Why Don't Feminists Fight for Muslim Women?

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Jun 27, 2016

Are women oppressed in Muslim countries? What about in Islamic enclaves in the West? Are these places violating or fulfilling the Quran and Islamic law? Ayaan Hirsi Ali, an author and activist who was raised a devout Muslim, describes the human rights crisis of our time, asks why feminists in the West don't seem to care, and explains why immigration to the West from the Middle East means this issue matters more than ever.

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Culture matters. It ‘s the primary source of social progress or regression. Nowhere do we see this more clearly than in the status of women. The Judeo-Christian culture—and perhaps a more apt word is civilization—has produced over time the law codes, language and material prosperity that have greatly elevated women's status.  

But this progress is not shared everywhere.

There are still hundreds of millions of people that live in a culture—the Islamic, for instance—that takes female inferiority for granted. Until recently, these cultures—the Western and the Islamic—were, for the most part, separated. But that is changing. Dramatically so.

Large numbers of immigrant men from the Middle East, South Asia and various parts of Africa have brought a different set of values to the West, specifically Europe.  More than a million arrived in 2015 alone. More are on the way.

As a result, crimes against girls and women—groping, harassments, assaults and rape—have risen sharply. These crimes illustrate the stark difference between the Western culture of the victims and that of the perpetrators.

Let me be clear: not all immigrant men, or even most, indulge in sex attacks or approve of such attacks, but it’s a grave mistake to deny that the value system of the attackers is radically different from the value system of the West. In the West women are emancipated and sexually autonomous. Religiosity and sexual behavior or sexual restraint is determined by women's individual wishes. The other value system is one in which women are viewed as either commodities (that is, their worth depends on their virginity), or on the level of a prostitute if they are guilty of public "immodesty" (wearing a short skirt for example).

I do not believe these value systems can coexist. The question is which value system will prevail. Unfortunately, this remains an open question.

The current situation in Europe is deeply troubling: not only are Muslim women within Europe subject to considerable oppression in many ways, such norms now risk spreading to non-Muslim women who face harassment from Muslim men.

One would think that Western feminists in the United States and Europe would be very disturbed by this obvious misogyny.  But sadly, with few exceptions, this does not appear to be the case.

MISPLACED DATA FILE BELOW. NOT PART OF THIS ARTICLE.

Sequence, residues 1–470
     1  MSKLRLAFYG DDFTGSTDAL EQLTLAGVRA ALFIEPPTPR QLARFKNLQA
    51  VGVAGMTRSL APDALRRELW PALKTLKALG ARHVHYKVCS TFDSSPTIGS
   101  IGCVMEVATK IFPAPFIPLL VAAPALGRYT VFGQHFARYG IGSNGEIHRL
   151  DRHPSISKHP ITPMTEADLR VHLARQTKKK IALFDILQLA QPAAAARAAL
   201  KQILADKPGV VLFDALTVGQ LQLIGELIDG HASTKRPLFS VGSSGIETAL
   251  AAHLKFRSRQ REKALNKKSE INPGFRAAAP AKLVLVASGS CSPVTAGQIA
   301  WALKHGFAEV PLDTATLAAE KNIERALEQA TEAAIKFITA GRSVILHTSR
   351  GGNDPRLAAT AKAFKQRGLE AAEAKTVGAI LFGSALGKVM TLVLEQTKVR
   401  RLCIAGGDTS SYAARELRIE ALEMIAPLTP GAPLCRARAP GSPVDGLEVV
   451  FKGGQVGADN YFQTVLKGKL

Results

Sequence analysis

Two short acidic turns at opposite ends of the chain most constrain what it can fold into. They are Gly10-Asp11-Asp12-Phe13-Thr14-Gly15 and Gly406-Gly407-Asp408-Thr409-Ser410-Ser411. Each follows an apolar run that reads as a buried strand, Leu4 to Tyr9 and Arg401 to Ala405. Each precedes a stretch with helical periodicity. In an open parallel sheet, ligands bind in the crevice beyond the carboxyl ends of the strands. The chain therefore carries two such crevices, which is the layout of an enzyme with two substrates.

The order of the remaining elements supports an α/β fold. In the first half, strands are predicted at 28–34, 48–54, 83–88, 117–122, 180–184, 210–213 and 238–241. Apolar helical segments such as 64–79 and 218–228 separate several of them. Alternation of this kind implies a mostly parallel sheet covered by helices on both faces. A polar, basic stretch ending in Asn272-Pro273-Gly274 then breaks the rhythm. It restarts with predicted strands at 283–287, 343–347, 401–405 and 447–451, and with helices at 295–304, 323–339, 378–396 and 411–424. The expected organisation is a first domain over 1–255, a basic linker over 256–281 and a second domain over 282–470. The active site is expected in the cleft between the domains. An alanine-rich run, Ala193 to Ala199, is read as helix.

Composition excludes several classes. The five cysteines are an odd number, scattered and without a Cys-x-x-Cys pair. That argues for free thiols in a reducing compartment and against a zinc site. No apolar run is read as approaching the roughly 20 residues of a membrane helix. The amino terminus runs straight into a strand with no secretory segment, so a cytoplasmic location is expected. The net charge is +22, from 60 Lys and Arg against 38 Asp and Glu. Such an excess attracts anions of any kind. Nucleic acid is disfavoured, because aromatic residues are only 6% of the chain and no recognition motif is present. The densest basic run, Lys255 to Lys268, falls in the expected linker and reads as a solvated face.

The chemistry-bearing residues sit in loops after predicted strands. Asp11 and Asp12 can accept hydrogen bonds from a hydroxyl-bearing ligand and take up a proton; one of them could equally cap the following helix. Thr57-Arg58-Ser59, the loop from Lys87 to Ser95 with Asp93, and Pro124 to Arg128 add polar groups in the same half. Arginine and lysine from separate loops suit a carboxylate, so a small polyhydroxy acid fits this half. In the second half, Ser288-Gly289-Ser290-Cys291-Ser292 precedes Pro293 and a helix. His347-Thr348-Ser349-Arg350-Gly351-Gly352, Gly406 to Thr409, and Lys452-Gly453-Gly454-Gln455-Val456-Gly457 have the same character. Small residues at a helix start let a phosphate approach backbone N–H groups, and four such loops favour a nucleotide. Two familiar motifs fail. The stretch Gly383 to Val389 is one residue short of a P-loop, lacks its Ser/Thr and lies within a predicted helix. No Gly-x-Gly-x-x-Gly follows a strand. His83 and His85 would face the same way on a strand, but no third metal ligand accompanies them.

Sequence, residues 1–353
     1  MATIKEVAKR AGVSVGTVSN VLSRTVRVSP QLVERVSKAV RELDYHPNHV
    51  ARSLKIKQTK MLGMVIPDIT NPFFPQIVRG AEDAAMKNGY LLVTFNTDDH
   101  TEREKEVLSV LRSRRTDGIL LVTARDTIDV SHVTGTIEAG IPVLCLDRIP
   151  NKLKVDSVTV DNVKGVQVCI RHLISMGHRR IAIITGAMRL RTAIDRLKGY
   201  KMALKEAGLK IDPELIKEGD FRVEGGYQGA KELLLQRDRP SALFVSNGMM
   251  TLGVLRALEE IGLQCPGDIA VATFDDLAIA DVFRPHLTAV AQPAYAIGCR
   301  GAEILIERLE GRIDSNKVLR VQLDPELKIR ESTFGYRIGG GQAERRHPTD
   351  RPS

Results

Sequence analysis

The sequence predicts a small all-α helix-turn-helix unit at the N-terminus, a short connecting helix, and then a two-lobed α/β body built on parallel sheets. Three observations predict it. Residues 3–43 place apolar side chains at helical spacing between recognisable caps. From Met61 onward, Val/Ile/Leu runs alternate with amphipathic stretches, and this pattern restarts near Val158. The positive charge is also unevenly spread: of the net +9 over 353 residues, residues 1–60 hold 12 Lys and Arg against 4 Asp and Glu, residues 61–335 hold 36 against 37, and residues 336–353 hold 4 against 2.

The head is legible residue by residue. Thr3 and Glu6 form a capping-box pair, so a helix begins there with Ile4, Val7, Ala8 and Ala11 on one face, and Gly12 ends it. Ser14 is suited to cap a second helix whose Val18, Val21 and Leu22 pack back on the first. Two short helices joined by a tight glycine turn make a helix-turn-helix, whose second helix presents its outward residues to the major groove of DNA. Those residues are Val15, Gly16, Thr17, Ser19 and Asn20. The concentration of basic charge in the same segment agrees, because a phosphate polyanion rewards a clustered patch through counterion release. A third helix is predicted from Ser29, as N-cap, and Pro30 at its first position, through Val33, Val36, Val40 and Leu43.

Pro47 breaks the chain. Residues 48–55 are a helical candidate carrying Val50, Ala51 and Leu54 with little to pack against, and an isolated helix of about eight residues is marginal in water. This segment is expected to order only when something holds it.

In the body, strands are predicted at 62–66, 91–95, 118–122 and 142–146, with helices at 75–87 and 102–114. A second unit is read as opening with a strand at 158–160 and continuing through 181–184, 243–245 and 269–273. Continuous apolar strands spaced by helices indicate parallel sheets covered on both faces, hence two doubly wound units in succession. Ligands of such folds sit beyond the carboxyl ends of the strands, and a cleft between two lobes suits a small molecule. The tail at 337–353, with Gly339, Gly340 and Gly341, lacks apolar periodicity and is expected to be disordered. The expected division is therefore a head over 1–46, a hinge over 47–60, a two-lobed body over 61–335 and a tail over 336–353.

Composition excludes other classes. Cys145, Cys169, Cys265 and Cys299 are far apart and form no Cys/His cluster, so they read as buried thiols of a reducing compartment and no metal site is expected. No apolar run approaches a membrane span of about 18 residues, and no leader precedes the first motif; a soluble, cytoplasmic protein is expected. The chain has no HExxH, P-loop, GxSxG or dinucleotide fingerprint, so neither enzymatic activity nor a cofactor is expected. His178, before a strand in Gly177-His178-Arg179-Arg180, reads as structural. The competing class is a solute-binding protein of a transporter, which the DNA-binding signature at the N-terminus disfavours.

Common among many Western feminists is a type of moral confusion, in which women are said to be oppressed everywhere and that this oppression, in feminist Eve Ensler's words, is "exactly the same" around the world; in the West just as in Pakistan, Saudi Arabia and Iran.

To me, this suggests too much moral relativism and an inadequate understanding of Sharia law. It is true that the situation for women in the West is not perfect, but can anyone truly deny that women enjoy greater freedom and opportunities in the United States, France and Finland than they do in Iran, Pakistan or Saudi Arabia?

Other feminists have also argued that non-Western women do not need "saving" and that any suggestion that they "need" help from Western feminists is insulting and condescending to non-Western women. 

My perspective is a practical one: any efforts that help Muslim women—whether they live in the West or under Islamic governments should be encouraged. Every effort to pressure these governments to change unjust laws should be supported.

Western feminists and female Western leaders have a simple choice to make: either excuse the inexcusable, or demand reform in cultures and religious doctrines that continue to oppress women. 

Nothing illustrates this better than what happened in Cologne, Germany on New Years Eve, 2015. That night, during the city's traditional celebrations, numerous German women (467 at the last count) reported being sexually harassed or assaulted by men of North African and Arab origin. Within two months, 73 suspects had been identified, most of them from North Africa; 12 of them have been linked to sexual crimes. Yet, in response to the attacks, Cologne's feminist Mayor Henriette Reker issued an "arm's length" guideline to women. Just “keep at an arm's length” distance between you and a mob of Arab men, she advised Cologne's female population, and you will be fine.

Mayor Reker's comments underline the seriousness of the problem: a culture clash is upon us. The first step in resolving it is to unapologetically defend the values that have allowed women to flourish. Feminists with their organizations, networks and lobbying power need to be on the front lines on this battle. Their relevance depends on it. And so does the well being of countless women, Western and non-Western.

I'm Ayaan Hirsi Ali of Harvard University for Prager University.

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